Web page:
'Insect apocalypse' may not be happening in US
Scientists have been warning about an 'insect apocalypse' in recent years, noting sharp declines in specific areas -- particularly in Europe. A new study shows these warnings may have been exaggerated and are not representative of what's happening to insects on a larger scale. (2020-08-11)

New tools in the fight against lethal citrus disease
Scientists are closer to gaining the upper hand on Huanglongbing, a disease that has wiped out citrus orchards across the globe. New models of the bacterium linked to the disease reveal control methods that were previously unavailable. (2020-08-10)

Plant size and habitat traits influence cycad susceptibility to invasive species
A long-term study on cycads in Guam has revealed how rapidly invasive species devastated the native Cycas micronesica species and the key factors that have influenced the plant's mortality. The research -- conducted by the Western Pacific Tropical Research Center at the University of Guam and the College of Micronesia-FSM -- is published in the May 2020 issue of Diversity, a peer-reviewed journal published by MDPI. (2020-08-03)

Scientists unlock genetic secrets of wine growers' worst enemy
Following a decade-long effort, scientists have mapped out the genome of an aphid-like pest capable of decimating vineyards. In so doing, they have discovered how it spreads -- and potentially how to stop it. (2020-07-28)

Enhanced water repellent surfaces discovered in nature
Through the investigation of insect surfaces, Penn State researchers have detailed a previously unidentified nanostructure that can be used to engineer stronger, more resilient water repellent coatings. (2020-07-17)

How flies flip around on take-off from an upside- down position
Flies are able to right themselves very quickly when taking off from an upside-down position. Scientists from the CNRS and from The Institute of Movement Science (ISM) at Aix-Marseille Université studying this phenomenon discovered the surprising way these insects begin by turning their bodies before their heads on take-off. The research will be published on 15 July 2020 in the Journal of Experimental Biology. (2020-07-15)

Parasite infestations revealed by tiny chicken backpacks
Blood-feeding livestock mites can be detected with wearable sensor technology nicknamed ''Fitbits for chickens.'' To help farmers detect mite infestations, a team of entomologists, computer scientists, and biologists led by UC Riverside entomologist Amy Murillo has created a new insect detection system. (2020-07-13)

Gall fly outmaneuvers host plant in game of "Spy vs. Spy"
Over time goldenrod plants and the gall flies that feed on them have been one-upping each other in an ongoing competition for survival. Now, a team of researchers has discovered that by detecting the plants' chemical defenses, the insects may have taken the lead. (2020-07-09)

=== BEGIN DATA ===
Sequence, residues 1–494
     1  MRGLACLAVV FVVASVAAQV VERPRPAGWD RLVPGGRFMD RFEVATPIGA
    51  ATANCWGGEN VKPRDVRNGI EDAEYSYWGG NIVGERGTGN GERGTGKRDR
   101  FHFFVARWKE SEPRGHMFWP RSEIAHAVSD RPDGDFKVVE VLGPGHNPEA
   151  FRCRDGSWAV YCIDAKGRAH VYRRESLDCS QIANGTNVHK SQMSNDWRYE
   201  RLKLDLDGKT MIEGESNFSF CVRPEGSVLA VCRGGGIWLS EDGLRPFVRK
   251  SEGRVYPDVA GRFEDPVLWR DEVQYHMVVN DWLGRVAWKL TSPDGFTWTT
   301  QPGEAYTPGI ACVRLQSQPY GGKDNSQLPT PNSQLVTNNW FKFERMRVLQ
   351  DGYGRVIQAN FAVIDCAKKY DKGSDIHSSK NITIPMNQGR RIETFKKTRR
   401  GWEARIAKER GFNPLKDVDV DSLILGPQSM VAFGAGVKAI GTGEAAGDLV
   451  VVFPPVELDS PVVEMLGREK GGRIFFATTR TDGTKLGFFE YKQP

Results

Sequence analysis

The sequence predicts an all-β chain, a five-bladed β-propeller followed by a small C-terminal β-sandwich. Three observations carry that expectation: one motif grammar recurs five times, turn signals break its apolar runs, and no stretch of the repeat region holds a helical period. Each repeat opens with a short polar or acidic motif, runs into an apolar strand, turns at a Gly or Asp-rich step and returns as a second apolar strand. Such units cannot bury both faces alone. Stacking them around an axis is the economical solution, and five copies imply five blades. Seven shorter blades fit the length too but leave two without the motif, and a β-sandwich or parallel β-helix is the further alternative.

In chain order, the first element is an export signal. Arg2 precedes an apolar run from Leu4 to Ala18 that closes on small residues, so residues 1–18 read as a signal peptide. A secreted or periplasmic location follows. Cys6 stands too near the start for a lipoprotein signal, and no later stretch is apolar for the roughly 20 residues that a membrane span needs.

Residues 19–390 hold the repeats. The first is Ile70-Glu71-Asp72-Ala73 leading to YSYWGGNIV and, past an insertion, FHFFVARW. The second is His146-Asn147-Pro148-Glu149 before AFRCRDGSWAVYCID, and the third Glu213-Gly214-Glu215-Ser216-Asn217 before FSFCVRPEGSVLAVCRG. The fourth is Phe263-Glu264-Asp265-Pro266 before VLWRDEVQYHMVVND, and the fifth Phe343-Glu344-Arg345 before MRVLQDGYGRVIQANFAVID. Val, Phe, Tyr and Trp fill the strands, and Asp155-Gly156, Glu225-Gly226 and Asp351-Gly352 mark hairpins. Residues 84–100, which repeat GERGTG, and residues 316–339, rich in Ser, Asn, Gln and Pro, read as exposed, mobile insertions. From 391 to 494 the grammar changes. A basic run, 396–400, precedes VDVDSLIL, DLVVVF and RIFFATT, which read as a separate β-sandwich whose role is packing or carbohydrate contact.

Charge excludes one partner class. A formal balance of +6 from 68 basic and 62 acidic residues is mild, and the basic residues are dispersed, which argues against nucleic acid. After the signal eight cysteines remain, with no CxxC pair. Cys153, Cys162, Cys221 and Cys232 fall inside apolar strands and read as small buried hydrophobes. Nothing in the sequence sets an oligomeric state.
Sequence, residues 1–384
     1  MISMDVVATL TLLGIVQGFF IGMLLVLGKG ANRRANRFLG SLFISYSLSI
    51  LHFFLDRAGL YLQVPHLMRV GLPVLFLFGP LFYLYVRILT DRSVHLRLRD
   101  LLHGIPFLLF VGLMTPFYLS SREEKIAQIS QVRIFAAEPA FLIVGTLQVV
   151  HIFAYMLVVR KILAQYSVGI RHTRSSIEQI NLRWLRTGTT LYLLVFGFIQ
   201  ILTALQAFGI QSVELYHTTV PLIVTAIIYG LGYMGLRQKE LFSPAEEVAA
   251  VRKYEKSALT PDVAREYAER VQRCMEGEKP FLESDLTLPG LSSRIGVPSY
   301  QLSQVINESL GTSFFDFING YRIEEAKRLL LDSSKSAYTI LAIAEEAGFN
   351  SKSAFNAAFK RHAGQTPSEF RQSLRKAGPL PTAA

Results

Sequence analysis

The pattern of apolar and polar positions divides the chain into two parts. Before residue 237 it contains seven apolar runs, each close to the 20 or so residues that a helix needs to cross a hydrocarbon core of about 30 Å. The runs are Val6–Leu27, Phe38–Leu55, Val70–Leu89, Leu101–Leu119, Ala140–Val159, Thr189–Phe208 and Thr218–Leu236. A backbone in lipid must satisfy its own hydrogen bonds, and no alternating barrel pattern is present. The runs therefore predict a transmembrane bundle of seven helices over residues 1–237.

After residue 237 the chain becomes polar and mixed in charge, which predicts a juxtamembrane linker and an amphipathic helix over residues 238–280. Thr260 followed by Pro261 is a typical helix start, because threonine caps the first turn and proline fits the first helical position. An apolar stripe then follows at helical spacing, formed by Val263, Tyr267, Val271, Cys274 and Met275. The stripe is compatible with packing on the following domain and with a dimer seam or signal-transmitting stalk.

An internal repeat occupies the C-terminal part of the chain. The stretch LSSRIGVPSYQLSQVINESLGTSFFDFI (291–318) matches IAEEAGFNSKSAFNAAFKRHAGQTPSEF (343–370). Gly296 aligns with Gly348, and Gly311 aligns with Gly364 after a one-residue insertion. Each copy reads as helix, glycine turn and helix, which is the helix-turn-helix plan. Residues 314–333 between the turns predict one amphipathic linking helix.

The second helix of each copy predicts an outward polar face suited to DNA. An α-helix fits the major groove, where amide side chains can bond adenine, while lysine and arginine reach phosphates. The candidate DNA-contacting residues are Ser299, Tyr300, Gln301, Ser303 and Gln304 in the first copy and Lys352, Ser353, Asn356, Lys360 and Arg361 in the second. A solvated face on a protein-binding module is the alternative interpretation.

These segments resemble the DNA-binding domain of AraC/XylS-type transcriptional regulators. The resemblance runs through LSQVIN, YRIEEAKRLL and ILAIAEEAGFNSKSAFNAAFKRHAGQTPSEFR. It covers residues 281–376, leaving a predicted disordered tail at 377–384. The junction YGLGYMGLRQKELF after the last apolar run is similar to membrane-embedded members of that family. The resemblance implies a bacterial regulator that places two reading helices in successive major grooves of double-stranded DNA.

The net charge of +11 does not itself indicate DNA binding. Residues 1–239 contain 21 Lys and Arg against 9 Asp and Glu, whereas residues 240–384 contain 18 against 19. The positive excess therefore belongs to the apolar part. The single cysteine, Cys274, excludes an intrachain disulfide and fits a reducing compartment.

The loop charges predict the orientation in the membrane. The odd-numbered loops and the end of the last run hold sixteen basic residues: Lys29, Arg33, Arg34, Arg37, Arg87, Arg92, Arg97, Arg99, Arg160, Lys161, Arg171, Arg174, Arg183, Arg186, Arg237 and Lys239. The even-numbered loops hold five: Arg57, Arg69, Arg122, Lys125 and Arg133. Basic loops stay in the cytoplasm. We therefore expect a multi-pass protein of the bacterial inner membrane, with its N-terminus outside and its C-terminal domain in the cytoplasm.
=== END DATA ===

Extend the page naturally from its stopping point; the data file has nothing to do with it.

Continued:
Cycad stem cuttings need wound sealants for successful propagation
The need to cover an open wound on cycad stem cuttings has been confirmed by the Western Pacific Tropical Research Center at the University of Guam in a study published in the Tropical Conservation Science journal on April 27. And the scientists have shown that the list of products that effectively fulfill this purpose is not restrictive. (2020-07-09)

Treatments tested for invasive pest on allium crops
A Cornell University-led team of researchers field-tested 14 active ingredients in insecticides, applied in a variety of methods, to understand the best treatment options against the Allium leafminer, a growing threat to onions, garlic and leeks. (2020-07-01)

Forests can be risky climate investments to offset greenhouse gas emissions
Given the tremendous ability of forests to absorb carbon dioxide from the atmosphere, some governments are counting on planted forests as offsets for greenhouse gas emissions -- a sort of climate investment. As with any investment, however, it's important to understand the risks. If a forest goes bust--through severe droughts or wildfires, researchers say -- much of that stored carbon could go up in smoke. (2020-06-18)

Agroforestry is 'win win' for bees and crops, study shows
Agroforestry has long been suggested as a solution to halt the decline of pollinators, yet observational studies in temperate climates have been virtually non-existent. New study shows planting woody plants alongside crops increases wild insect pollinator numbers and pollination. (2020-06-16)

New fossil discovery shows 50 million-year-old Canada-Australia connection
The discovery of a tiny insect fossil in Western Canada is unearthing big questions about the global movement of animals across deep time. The fossil, estimated to be 50 million years old, is the latest in a pattern of discoveries that are leading experts to contemplate a Canada-Australia connection not previously considered. (2020-06-15)

A robot to track and film flying insects
French scientists have developed the first cable-driven robot that can follow and interact with free-flying insects. With the help of this ''lab-on-cables,'' which is equipped with cameras and a controller that minimizes tracking errors between the insect's and the robot's position, they successfully studied the free flight of moths up to a speed of 3 metres/second. (2020-06-10)